An Act To Amend the Guardian Ad Litem Laws
Sec. 1. 19-A MRSA §1507, sub-§5, as repealed and replaced by PL 2001, c. 253, §3, is amended to read:
Sec. 2. 19-A MRSA §1507, sub-§9 is enacted to read:
Sec. 3. 22 MRSA §4005, sub-§1, as amended by PL 2001, c. 696, §12, is further amended to read:
(1) Review of relevant mental health records and materials;
(2) Review of relevant medical records;
(3) Review of relevant school records and other pertinent materials;
(4) Interviews with the child with or without other persons present; and
(5) Interviews with parents, foster parents, teachers, caseworkers and other persons who have been involved in caring for or treating the child.
The guardian ad litem shall have face-to-face contact with the child in the child's home or foster home within 7 days of appointment by the court and at least once every 3 months thereafter or on a schedule established by the court for reasons specific to the child and family. The guardian ad litem shall report to the court and all parties in writing at 6-month intervals, or as is otherwise ordered by the court, regarding the guardian ad litem's activities on behalf of the child and recommendations concerning the manner in which the court should proceed in the best interest of the child. The court may provide an opportunity for the child to address the court personally if the child requests to do so or if the guardian ad litem believes it is in the child's best interest.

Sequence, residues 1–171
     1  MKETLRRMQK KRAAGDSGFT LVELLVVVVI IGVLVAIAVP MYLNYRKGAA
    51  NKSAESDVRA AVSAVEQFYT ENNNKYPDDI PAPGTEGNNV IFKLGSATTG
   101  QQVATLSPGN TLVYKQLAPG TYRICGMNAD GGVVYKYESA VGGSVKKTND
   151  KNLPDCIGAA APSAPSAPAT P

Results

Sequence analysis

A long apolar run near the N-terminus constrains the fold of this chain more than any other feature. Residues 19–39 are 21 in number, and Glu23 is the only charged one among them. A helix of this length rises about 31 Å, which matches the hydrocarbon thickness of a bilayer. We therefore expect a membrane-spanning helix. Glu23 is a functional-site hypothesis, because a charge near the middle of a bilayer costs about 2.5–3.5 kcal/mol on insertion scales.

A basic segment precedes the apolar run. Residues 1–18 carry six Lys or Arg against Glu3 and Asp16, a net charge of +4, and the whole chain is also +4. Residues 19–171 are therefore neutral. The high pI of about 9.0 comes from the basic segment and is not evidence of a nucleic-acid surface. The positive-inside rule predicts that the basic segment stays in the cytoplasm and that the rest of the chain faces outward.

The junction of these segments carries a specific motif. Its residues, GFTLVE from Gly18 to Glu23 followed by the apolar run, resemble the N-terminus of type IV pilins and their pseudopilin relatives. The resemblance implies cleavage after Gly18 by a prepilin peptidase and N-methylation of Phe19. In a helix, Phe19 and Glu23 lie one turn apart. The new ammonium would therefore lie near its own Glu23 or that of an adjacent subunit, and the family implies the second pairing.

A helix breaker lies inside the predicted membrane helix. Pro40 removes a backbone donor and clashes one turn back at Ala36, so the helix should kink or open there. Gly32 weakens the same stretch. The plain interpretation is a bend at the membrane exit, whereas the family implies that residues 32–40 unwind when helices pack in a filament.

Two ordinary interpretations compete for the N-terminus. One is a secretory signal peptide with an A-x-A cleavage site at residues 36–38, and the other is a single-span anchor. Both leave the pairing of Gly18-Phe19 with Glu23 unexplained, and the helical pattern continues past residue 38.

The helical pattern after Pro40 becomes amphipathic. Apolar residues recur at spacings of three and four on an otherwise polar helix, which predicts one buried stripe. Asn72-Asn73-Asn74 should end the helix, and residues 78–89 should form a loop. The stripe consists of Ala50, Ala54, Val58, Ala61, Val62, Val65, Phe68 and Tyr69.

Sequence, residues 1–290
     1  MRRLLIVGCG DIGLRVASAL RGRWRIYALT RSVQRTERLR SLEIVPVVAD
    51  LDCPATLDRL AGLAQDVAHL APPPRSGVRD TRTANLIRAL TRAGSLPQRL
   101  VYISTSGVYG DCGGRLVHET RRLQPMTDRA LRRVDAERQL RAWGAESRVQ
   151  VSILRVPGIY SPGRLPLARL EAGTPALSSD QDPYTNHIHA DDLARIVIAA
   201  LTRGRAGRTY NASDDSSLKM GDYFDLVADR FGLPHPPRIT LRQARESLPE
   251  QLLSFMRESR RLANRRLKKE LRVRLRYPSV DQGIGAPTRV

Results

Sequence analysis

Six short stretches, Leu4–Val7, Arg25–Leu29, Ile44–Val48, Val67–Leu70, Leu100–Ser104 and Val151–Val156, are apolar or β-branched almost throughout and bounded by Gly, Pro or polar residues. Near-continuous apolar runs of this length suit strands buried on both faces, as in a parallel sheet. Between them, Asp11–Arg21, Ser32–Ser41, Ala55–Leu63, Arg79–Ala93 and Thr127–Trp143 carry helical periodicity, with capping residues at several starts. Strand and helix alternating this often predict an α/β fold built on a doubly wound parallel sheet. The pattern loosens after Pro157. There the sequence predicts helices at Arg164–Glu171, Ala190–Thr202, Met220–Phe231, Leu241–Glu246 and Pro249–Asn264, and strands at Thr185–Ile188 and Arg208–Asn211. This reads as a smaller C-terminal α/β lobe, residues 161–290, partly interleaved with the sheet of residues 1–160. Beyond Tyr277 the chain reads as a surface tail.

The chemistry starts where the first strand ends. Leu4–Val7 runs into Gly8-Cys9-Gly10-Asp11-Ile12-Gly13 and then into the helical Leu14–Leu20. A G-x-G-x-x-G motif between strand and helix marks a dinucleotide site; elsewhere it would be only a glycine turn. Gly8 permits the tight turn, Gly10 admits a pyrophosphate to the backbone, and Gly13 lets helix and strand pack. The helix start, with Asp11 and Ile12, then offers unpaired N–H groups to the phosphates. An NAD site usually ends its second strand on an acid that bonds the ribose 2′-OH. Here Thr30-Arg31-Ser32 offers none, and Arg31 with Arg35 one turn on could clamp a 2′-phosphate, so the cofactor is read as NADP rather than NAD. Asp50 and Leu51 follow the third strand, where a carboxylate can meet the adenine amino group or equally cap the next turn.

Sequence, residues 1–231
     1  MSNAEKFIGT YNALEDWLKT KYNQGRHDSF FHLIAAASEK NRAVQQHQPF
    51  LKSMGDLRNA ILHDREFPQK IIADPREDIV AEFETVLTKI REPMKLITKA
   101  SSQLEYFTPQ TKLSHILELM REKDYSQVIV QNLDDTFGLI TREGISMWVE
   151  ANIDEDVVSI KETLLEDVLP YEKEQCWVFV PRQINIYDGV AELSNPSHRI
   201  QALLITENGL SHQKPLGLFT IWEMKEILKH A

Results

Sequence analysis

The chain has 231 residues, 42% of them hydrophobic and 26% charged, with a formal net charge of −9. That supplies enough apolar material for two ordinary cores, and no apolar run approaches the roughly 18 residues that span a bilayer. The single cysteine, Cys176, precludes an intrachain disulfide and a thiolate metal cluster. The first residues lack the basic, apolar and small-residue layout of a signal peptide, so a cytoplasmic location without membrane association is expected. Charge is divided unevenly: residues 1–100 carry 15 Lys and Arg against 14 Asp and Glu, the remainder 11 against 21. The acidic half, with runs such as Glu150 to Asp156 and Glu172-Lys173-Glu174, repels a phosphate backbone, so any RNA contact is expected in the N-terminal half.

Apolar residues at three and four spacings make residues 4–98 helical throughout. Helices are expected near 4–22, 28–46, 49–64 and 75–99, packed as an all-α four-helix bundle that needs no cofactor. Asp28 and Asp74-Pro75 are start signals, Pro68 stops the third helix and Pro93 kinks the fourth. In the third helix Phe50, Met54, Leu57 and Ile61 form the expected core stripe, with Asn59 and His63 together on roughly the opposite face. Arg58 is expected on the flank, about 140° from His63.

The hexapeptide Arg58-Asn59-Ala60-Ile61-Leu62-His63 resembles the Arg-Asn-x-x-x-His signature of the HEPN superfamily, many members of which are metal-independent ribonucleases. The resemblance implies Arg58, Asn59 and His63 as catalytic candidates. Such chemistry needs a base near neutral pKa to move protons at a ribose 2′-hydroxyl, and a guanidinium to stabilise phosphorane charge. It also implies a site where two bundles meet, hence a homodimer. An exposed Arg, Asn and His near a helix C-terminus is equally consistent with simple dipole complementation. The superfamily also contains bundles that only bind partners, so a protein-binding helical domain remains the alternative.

This bill implements the recommendations included in the report "Recommendations for an Improved Process for Complaints Regarding Guardians Ad Litem" submitted to the Supreme Judicial Court in 2012 by the Guardian Ad Litem Task Force, appointed by Chief Justice Saufley.
Current law requires a guardian ad litem appointed in a family matters case to submit a written report to the parties and the court. This bill requires a written report only if the court directs the guardian ad litem to file one.
This bill provides that the Supreme Judicial Court may adopt rules governing guardians ad litem appointed in family matters cases under the Maine Revised Statutes, Title 19-A and in child protective cases under Title 22. The rules may cover registration or certification, qualifications, standards of practice, continuing education requirements and discipline. Discipline includes a process to provide for the just determination of complaints from parties in actions under Title 19-A and Title 22.